For readers who loved Let’s Pretend This Never Happened and for fans of Mindy Kaling, Tina Fey, and Amy Schumer, Unabrow is the book June Cleaver would have written if she spent more time drinking and less time vacuuming.

Rating✈  Travel companion

Long story short: At times I find memoirs and personal essays a little hard to get through. The writing style and tone are sometimes better suited to a verbal telling, so after a while the words grate a little and I have to go do something else for a couple of days. I found this to be the case with Aziz Ansari’s Modern Romance (it was hard not to read everything in his voice, kudos to his editor) and to some extent with Amy Poehler’s Yes Please.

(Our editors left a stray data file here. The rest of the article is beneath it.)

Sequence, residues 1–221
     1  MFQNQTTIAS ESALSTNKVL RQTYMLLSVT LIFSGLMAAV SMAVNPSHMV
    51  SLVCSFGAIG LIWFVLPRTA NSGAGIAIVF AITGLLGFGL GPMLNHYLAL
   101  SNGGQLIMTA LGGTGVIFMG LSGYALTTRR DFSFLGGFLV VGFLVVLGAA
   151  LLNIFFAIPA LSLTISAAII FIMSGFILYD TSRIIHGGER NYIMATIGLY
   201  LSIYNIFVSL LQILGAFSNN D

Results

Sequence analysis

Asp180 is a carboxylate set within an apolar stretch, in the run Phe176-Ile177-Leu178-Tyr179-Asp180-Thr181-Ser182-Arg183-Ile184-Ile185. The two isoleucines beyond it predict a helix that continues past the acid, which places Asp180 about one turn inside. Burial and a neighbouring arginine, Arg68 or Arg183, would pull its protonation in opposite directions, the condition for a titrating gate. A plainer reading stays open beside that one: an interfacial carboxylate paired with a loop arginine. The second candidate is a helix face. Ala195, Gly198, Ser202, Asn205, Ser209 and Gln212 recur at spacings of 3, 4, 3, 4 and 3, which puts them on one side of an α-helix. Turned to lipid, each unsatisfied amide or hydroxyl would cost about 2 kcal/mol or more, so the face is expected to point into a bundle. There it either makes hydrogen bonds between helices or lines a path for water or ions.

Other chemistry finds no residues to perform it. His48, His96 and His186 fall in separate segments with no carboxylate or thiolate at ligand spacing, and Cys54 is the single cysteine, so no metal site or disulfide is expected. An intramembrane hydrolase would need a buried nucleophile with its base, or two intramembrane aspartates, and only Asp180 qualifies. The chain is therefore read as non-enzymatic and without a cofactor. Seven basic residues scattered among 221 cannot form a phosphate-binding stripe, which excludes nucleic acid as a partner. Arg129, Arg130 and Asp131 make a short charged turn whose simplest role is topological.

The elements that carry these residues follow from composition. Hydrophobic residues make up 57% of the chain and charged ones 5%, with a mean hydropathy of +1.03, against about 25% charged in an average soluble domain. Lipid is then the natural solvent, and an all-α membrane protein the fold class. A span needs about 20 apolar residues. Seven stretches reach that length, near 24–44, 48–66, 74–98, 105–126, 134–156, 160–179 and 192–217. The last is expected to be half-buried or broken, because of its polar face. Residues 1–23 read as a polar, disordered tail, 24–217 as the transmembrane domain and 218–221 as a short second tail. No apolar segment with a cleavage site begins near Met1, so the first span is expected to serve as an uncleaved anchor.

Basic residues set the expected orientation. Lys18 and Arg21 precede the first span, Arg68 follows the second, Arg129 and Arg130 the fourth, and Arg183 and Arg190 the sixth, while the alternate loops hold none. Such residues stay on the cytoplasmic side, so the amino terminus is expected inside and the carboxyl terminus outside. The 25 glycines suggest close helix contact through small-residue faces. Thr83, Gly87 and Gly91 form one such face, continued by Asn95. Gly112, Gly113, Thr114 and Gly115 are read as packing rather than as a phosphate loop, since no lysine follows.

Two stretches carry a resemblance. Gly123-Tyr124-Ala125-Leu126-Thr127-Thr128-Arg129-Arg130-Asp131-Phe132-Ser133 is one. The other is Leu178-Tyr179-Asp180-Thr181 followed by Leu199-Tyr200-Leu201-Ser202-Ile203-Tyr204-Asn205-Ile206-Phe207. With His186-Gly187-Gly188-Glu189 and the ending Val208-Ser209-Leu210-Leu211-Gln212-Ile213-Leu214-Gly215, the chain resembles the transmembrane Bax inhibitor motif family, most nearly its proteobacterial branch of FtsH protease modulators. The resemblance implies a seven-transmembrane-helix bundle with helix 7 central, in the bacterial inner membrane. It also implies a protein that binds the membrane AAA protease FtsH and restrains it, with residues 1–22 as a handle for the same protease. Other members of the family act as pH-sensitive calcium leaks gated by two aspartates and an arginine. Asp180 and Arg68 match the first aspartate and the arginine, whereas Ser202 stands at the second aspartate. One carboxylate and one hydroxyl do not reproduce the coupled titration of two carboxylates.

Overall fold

This was also true with Unabrow, though since the book was relatively short I powered through it. LaMarche’s collection of personal essays offer a glimpse into her colorful world. Naturally there were things I could relate to (eg., worrying about gym class back in middle school) and things that made my eyes glaze over (eg., almost every reference to the 80s), but overall it was a fun read.

My favorite chapter was probably “Death Becomes Me”, where LaMarche walks us through her (and her parents’) macabre obsession with death when she was a child. This included writing letters to both her and her sister when they were out of town in case one or both of them “didn’t make it back”. At one point they opened them out of curiosity. Their dad’s had instructions about his memorial service along with a music playlist, and their mom’s had contact information for their mortgage broker. “What a downer,” said LaMarche to her sister, “I didn’t know we would still have to pay for the house.” (55)

The familiar essay is one of my favorite genres, and I would recommend giving it a try. If you haven’t read any yet, I’d start with At Large and At Small by Anne Fadiman; it was the book that got me hooked!

Have you read Unabrow? What do you think of personal essays?